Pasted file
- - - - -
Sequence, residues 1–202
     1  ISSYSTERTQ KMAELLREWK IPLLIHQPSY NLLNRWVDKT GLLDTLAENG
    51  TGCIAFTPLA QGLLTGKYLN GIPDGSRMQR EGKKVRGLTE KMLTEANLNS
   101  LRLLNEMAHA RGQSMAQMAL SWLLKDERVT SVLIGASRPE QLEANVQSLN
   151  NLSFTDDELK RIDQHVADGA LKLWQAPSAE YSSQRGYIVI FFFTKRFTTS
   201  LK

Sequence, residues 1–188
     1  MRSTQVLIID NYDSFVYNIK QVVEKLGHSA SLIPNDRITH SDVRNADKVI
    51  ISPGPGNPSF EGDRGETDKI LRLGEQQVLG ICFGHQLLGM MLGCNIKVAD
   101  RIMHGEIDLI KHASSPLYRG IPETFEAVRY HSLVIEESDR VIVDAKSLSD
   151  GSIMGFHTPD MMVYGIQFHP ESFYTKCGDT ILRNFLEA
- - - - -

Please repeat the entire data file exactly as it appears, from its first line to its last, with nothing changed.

Sequence, residues 1–202
     1  ISSYSTERTQ KMAELLREWK IPLLIHQPSY NLLNRWVDKT GLLDTLAENG
    51  TGCIAFTPLA QGLLTGKYLN GIPDGSRMQR EGKKVRGLTE KMLTEANLNS
   101  LRLLNEMAHA RGQSMAQMAL SWLLKDERVT SVLIGASRPE QLEANVQSLN
   151  NLSFTDDELK RIDQHVADGA LKLWQAPSAE YSSQRGYIVI FFFTKRFTTS
   201  LK

Sequence, residues 1–188
     1  MRSTQVLIID NYDSFVYNIK QVVEKLGHSA SLIPNDRITH SDVRNADKVI
    51  ISPGPGNPSF EGDRGETDKI LRLGEQQVLG ICFGHQLLGM MLGCNIKVAD
   101  RIMHGEIDLI KHASSPLYRG IPETFEAVRY HSLVIEESDR VIVDAKSLSD
   151  GSIMGFHTPD MMVYGIQFHP ESFYTKCGDT ILRNFLEA